Indiscriminate sale of ancestral land worries Ilorin indigenes | Dailytrust

Indiscriminate sale of ancestral land worries Ilorin indigenes

There is a growing concern in the Ilorin Emirate community and its environs in Kwara State over indiscriminate sales of ancestral lands.

From Taiwo to Opo Malu, Ita Amodu, Emir’s Road, Agbo Oba, and Oja-Tuntun among others, newly acquired lands are being cleared on a daily basis. Similarly, old family houses are being demolished while new owners are erecting structures.

This is the current situation in Ilorin, the ancient city of Kwara State known for its rich cultural heritage rooted in Islamic jurisprudence.

But for many indigenes of the Emirate, the sale of ancestral lands portends danger for the community with the tendency of robbing the city of its vast cultural heritage and the acclaimed Islamic civilisation.

It was the very influential Ilorin Emirate Descendants Progressives Union (IEDPU) that first raised the alarm on the issue calling on its indigenes not to sell away heritage and tradition in exchange for money.

According to the IEDPU, which is the umbrella body for all the sons and daughters of Ilorin emirate, the practice is particularly worrisome despite the protracted campaign against it.

Speaking during the 56th Conference of the Union, the National President of IDEPU, Alhaji Uthman Otta Aliyu, said the trend has reached an alarming proportion with the potential to endanger the unity of the state.

“The Union has had cause to organise a summit on sale and use of land in Ilorin. We produced Jingles to discourage our people from the indiscriminate sale of land and ancestral homes. But sadly, it has continued unabated. People are selling away their family property with reckless abandon, as they turn deaf ears to wise counsel.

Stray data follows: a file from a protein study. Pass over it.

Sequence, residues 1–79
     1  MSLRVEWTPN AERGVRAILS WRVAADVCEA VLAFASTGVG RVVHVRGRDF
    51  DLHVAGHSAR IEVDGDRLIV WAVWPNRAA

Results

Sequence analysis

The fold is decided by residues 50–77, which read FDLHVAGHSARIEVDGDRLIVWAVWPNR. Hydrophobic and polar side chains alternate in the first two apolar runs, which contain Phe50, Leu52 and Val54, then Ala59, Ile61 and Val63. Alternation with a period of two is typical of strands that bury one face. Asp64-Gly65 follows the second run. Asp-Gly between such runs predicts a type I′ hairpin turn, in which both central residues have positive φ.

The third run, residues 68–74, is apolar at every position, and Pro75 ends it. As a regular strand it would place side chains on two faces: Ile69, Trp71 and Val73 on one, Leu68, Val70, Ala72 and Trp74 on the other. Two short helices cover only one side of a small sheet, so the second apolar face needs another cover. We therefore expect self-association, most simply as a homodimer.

“The situation now is that they will be better today but be irredeemably bitter tomorrow as there shall be no land to sell in the future. We want to caution our people to go for lease rather than an outright sale of lands. In the same vein, the preservation and sustenance of our collective heritage should be sacrosanct”, he added.

On his part, the Chairman, Senate Committee on Health, Yahaya Ibrahim Oloriegbe, who was the chairman of the conference, described the development as a “scandalous acquisition of our heritage.”

Oloriegbe, the Kwara Central senator representing four out of the five local governments in the Emirate further noted: “Any traditional Ilorin man is known for his dual heritage. An Ilorin man will have his house in the metropolitan city of Ilorin and his village in places like Afon, Alapa, Bala, Lanwa, Malete, or Megida among others.

“But we have slept over our rights and heritage for a very long time so much so that those we refer to as ‘Eero’ (settlers) have invaded our villages like locusts acquiring our lands and inherited our properties while we are still slumbering. This must stop by all means possible”, he warned.

In his submission, a district head and the Magaji Are of Ilorin, Alhaji Shuaib Aremu Zubair told Daily Trust that the issue was of great concern to everybody.

“That is why the Emir of Ilorin, Alhaji Ibrahim Zulu Gambari is leading the drive for a change and for the families involved to lease such properties rather than an outright sale.

“Once a property has been sold, it is no longer yours and the acquirer has the right to do anything on it. Ilorin is a predominantly Muslim town and if the trend continues, eventually, the buyers who are mostly non-indigenes will come and occupy our area and it may affect the religious harmony that we enjoy here as we have seen in other places. That is why we don’t welcome it and I appeal just like the Emir, for those involved to go for lease instead.

“We know the issue is mostly about poverty, but we pray to God to enrich all of us”, the Magaji Are added.

Speaking on the issue, a resident of Taiwo area, Ilorin, where the sale of the ancestral homes is most prevalent in the metropolis, Taiye Abdulkadir said the situation is alarming.

“It’s a case of using what you have to get what you want. But Taiwo area has become ‘notorious’ for such practices because of its high market value.